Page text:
Joanne O'Riordan: All-Ireland glory is on the horizon for Cahir Ladies

Joanne O’Riordan: County champions have the dedication and talent to go all the way

Cahir Ladies celebrate winning the Camogie Club Championship Final in Croke  Park in 2016. Photograph: Lorraine O’Sullivan/Inpho

Cahir Ladies celebrate winning the Camogie Club Championship Final in Croke Park in 2016. Photograph: Lorraine O’Sullivan/Inpho

 

In a small room in Cahir House, Co Tipperary, county champions Cahir Ladies football team reconvened for a motivational session to kick-start their year. Sure, some might argue the purpose and if this was even worthwhile, but bringing champions together from all walks of life and getting one-to-one interaction from other sports people is something that is taken for granted in the sports world.

You see, Cahir Ladies football team is no ordinary team. The club was celebrating 20 years of existence in 2017. At the ripe old age of 20, the team capped off birthday celebrations by winning their first senior county title. The plan for the workshop was simple: invite a bunch of speakers and put together a series of goals and strategies for 2018, the most obvious being to reclaim their holy grail and push on.

The team is lined with inter-county stars, but in particular Aishling Moloney is marked down for having a fantastic 2017, winning National League and All-Ireland honours with Tipperary, winning the county with Cahir and rounding it all off by captaining DCU to victory in the Ladies HEC League Division One Final against UL in chilly Stradbally. Then, of course, you have Aisling McCarthy, who, after a stellar year with Tipperary and Cahir, won Intermediate Player of the Year at the TG4 All-Stars. Her inspirational performances from midfield helped Tipperary overcome a Tyrone team that wouldn’t quit. McCarthy finished with an impressive 1-3 out of a total of 1-13.

But that was last year, chairman Jim Haplin was keen to stress. You’re only as good as your last game, and on a bleak Saturday afternoon in January, the girls were given a run-through by five impressive speakers.

Weigh up

The most impressive were boxer Shauna O’Keeffe and Cork captain Ciara O’ Sullivan. In the annual argument over whether the GAA over-imposes on players’ lives, O’Keeffe had a vital message – in amateur sport there, is minimal reward for the loser. Even for the winners, it can be hard to weigh up reward over sacrifice.

But what else will give you that buzz? What else will make you feel butterflies in the pit of your stomach and unite a group of players to one common goal?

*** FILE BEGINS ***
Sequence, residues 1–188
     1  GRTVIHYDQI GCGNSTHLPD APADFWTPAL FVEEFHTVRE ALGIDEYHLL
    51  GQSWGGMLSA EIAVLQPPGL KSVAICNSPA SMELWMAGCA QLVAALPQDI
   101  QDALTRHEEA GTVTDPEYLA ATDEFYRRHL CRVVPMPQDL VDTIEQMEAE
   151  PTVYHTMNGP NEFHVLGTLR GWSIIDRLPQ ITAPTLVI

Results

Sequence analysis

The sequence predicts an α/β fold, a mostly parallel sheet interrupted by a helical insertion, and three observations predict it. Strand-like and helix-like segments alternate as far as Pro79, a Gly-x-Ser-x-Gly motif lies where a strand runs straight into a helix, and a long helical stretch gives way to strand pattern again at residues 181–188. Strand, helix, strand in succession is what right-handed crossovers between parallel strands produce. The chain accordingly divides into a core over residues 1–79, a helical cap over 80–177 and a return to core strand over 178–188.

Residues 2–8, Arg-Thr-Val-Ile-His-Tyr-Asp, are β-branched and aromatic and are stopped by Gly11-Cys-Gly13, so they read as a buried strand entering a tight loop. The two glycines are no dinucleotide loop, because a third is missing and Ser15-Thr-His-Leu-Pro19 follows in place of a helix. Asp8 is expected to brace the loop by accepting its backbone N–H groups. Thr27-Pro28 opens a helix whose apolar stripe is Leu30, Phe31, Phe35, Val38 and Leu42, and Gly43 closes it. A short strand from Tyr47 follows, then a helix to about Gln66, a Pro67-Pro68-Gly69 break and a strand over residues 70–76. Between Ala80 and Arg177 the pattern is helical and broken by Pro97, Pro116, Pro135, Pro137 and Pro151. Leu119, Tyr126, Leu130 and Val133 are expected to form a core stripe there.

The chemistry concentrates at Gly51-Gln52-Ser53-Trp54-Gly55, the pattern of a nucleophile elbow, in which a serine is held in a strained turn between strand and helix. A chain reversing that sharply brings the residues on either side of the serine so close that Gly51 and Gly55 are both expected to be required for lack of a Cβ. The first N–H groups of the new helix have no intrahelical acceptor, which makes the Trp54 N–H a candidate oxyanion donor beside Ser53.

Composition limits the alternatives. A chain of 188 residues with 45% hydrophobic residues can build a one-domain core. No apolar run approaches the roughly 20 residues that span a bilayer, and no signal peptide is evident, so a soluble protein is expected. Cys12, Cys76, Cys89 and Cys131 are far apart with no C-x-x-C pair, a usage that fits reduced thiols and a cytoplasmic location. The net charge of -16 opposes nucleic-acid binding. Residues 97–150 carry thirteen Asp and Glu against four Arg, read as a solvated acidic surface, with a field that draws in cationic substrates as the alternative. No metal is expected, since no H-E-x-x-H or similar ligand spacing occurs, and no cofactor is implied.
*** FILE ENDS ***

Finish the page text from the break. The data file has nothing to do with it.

The penultimate speaker was O’Sullivan. Again, it felt apt knowing the sports news notifications that were blowing my phone up were regarding how inter-county players are ripped from the clubs and left to fend on scraps.

But, according to O’ Sullivan, her favourite medal among her impressive haul is the county medal she won with Mourneabbey in 2014. The club, O’Sullivan said, is where you grow up, form relationships and develop your first set of skills, and that should not be taken for granted. Sure, every day, she is not skipping into training first in, last out but the passion she spoke with when discussing Mourneabbey was admirable. The same feeder lines are always given by inter-county stars, but this one seemed different. Again, who else or what else can give you that feeling?

Afterwards, the mixing and mingling began, and I always love meeting players in different scenarios or areas where they feel comfortable. Everyone can accuse players of having a robotic persona, but, as a public figure myself, I get it. So, to hear the players all unilaterally agree that this is where they want to be, it was somewhat refreshing.

Sacrifices

The culture of the team and programme is like nothing I have ever seen before. All the players are extremely dedicated to making sacrifices to improve their game in ways they or I never thought were possible. They are competitive and driven. Most importantly, they play their best brand of football when there’s no pressure on them, and they can have fun.

The staff and managers make their jobs as players fun and rewarding, and keep their passion for the game alive. Most importantly, they never take the opportunity of playing football, be it club or county, for granted.

After, I got the opportunity to speak with some heads of the club. The same vibe of goodwill and optimism was shared by all. Everyone telling you the high hopes and dreams they have for these ladies.

There is talent on this team, you can sense that. With younger players breaking in on the horizon, don’t look at this article confused when I write that pretty soon, I can sense my next main article on this team will probably be an All-Ireland feature. It’s coming. I’m waiting. The people of Cahir are waiting. But, most importantly, the team is ready and waiting.

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